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The next mobile chip from Nvidia is aimed at a really big mobile device: The automobile. Nvidia unveiled the Tegra X1, which it calls a “mobile super chip,” at its Sunday night CES press event. The company hopes the powerful silicon will form the basis for automotive interfaces, thanks to its highly efficient, graphics and processing capability.
The Tegra X1 is a big step up from last year’s Tegra K1, which is now appearing in a few tablets, phones and Chromebooks. Check this chart to see the difference, which shows the [company]Nvidia[/company] Tegra X1 and its 256 GPU cores offering a teraflop of computing performance.
That’s too much for a phone, according to Nvidia, but just right for the car of the future. All of that graphics capability can power what Nvidia expects will be many screens in a vehicle: The drive cluster, the infotainment center, and possibly even some other screens such as side mirrors that double as displays.
To that end, the Tegra X1 is the centerpiece of Nvidia’s Drive CX platform: A combination of hardware and software to power next-generation cars. It works with QNX, Linux and Android software so auto-makers can choose their platform and customize the dashboard. Nvidia has a reference design to work with, however, called Drive Studio.
Drive CX is just part of the automotive package though. Nvidia’s Drive PX uses a pair of Tegra X1 chips to work with cameras for a self-driving car, which the company says will need massive processing power. Even that’s not enough though, which is why Nvidia announced deep learning technology for cars to become “situationally aware.”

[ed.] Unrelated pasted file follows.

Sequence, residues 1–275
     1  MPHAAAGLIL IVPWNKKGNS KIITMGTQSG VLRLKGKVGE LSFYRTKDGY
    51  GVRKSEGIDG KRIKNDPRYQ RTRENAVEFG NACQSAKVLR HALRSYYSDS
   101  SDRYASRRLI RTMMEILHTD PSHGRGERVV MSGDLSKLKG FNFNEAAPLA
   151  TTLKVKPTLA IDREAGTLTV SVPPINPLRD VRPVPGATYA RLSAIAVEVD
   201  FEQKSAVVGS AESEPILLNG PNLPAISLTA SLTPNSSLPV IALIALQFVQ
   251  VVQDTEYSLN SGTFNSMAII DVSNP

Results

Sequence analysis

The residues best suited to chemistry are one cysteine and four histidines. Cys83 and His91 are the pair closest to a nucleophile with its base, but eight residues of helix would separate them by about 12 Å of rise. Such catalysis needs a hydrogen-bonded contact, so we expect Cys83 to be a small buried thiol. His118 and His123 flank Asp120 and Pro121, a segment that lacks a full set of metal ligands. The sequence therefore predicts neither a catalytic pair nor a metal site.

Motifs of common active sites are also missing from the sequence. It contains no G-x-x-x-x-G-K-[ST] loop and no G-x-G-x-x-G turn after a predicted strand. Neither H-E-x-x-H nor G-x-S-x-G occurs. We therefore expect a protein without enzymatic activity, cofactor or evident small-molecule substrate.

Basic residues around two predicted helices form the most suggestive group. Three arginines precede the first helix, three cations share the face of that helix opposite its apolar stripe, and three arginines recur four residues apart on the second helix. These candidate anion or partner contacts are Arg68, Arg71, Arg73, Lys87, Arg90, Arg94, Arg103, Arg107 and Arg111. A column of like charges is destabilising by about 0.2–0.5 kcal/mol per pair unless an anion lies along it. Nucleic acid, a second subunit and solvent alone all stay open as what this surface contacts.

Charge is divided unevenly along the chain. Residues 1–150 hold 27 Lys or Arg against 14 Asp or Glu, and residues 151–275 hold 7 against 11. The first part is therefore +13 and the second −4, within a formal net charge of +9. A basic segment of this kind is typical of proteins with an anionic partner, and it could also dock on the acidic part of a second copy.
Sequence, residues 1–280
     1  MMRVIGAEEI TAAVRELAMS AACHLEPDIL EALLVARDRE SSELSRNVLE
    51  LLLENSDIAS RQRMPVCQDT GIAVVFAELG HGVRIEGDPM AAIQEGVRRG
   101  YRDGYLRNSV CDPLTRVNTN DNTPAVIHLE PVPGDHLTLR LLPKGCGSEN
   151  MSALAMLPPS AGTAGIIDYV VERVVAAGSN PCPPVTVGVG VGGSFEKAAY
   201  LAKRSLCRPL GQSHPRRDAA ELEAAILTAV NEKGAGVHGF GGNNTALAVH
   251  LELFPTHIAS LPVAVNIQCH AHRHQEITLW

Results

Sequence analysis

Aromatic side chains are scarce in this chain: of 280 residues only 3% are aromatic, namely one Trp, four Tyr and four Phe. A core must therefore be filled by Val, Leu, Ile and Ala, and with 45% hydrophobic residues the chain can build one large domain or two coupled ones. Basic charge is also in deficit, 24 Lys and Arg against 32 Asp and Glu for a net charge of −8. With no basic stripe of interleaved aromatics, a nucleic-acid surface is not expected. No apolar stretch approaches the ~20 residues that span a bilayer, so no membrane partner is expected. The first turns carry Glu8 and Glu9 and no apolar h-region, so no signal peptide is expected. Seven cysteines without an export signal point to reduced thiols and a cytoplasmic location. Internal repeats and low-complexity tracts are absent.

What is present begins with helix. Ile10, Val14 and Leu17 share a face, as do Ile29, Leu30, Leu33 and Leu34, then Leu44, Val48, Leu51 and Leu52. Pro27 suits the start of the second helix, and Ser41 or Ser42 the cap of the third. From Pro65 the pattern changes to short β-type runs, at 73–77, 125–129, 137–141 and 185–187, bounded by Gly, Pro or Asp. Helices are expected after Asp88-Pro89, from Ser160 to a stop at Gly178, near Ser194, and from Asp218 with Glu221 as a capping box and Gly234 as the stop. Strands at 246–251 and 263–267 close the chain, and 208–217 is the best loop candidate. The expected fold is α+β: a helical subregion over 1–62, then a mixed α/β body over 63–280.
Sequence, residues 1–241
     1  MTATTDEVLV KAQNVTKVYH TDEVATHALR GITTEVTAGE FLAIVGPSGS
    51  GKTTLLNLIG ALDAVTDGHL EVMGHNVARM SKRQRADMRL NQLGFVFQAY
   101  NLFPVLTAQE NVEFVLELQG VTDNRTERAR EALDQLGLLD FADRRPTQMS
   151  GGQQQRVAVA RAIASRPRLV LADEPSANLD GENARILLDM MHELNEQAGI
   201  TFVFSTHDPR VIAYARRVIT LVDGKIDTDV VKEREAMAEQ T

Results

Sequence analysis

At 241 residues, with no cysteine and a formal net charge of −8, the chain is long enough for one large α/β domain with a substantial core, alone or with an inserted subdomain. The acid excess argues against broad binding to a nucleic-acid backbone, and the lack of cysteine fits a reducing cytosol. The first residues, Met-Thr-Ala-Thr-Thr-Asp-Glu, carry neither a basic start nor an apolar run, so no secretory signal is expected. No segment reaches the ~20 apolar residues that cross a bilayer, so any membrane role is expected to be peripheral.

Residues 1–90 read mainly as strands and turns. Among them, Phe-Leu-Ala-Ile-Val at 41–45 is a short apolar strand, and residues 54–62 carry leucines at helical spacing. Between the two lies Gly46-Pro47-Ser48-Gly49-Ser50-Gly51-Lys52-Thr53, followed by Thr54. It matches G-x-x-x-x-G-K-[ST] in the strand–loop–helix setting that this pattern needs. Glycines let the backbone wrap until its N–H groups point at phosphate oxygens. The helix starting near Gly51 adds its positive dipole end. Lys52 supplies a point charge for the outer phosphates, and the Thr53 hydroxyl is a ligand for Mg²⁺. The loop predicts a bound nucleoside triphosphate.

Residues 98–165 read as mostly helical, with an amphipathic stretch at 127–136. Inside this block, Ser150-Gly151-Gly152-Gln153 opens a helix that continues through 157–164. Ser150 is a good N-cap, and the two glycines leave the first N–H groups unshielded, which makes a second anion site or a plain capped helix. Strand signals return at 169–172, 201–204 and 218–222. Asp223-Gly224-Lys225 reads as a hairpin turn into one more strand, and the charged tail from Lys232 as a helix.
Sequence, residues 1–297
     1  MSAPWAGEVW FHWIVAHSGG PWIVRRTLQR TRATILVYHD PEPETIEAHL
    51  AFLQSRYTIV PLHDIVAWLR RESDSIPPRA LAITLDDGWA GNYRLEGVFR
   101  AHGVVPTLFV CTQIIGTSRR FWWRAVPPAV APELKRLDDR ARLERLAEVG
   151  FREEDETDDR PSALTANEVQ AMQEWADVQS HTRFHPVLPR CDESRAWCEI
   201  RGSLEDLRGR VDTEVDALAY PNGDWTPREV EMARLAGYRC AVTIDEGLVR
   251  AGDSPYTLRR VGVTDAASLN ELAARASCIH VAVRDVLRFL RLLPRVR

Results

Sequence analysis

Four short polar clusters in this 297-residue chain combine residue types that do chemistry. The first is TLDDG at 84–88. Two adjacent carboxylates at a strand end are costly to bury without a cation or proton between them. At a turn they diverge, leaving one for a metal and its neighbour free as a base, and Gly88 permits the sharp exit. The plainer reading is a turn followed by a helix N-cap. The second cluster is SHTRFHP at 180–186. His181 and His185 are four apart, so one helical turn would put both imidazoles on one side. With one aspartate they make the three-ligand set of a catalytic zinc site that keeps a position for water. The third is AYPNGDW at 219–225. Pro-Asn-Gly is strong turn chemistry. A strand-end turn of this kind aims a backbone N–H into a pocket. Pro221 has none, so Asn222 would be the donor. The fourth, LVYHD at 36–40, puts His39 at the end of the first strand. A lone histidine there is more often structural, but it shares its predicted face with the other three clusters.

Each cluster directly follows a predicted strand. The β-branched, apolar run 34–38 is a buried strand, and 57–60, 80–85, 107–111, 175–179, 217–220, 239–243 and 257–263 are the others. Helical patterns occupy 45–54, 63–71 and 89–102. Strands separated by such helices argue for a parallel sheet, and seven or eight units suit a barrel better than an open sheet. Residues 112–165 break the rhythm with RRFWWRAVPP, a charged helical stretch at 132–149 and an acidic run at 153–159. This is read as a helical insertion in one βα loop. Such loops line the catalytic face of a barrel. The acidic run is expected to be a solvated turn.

The idea is that cameras and computers can’t rely on every situation appearing in a database; instead, algorithms are needed to better understand always changing situations.
By feeding more data into the deep neural network and applying more processing power, vehicles don’t have to rely on a set number of distinct images to “see” around them. Instead, they can learn and recognize items around them, even if there’s not an exact match in the database. Here is an example of the system not just understanding what a traffic light looks like but what color some of them are showing.
The Drive PX demo classified between 5 and 10 objects yet it had power to spare. Nvidia said its new super chip was only using 10 percent of its capabilities and could recognize 150 or so objects, with about 30 classified per second.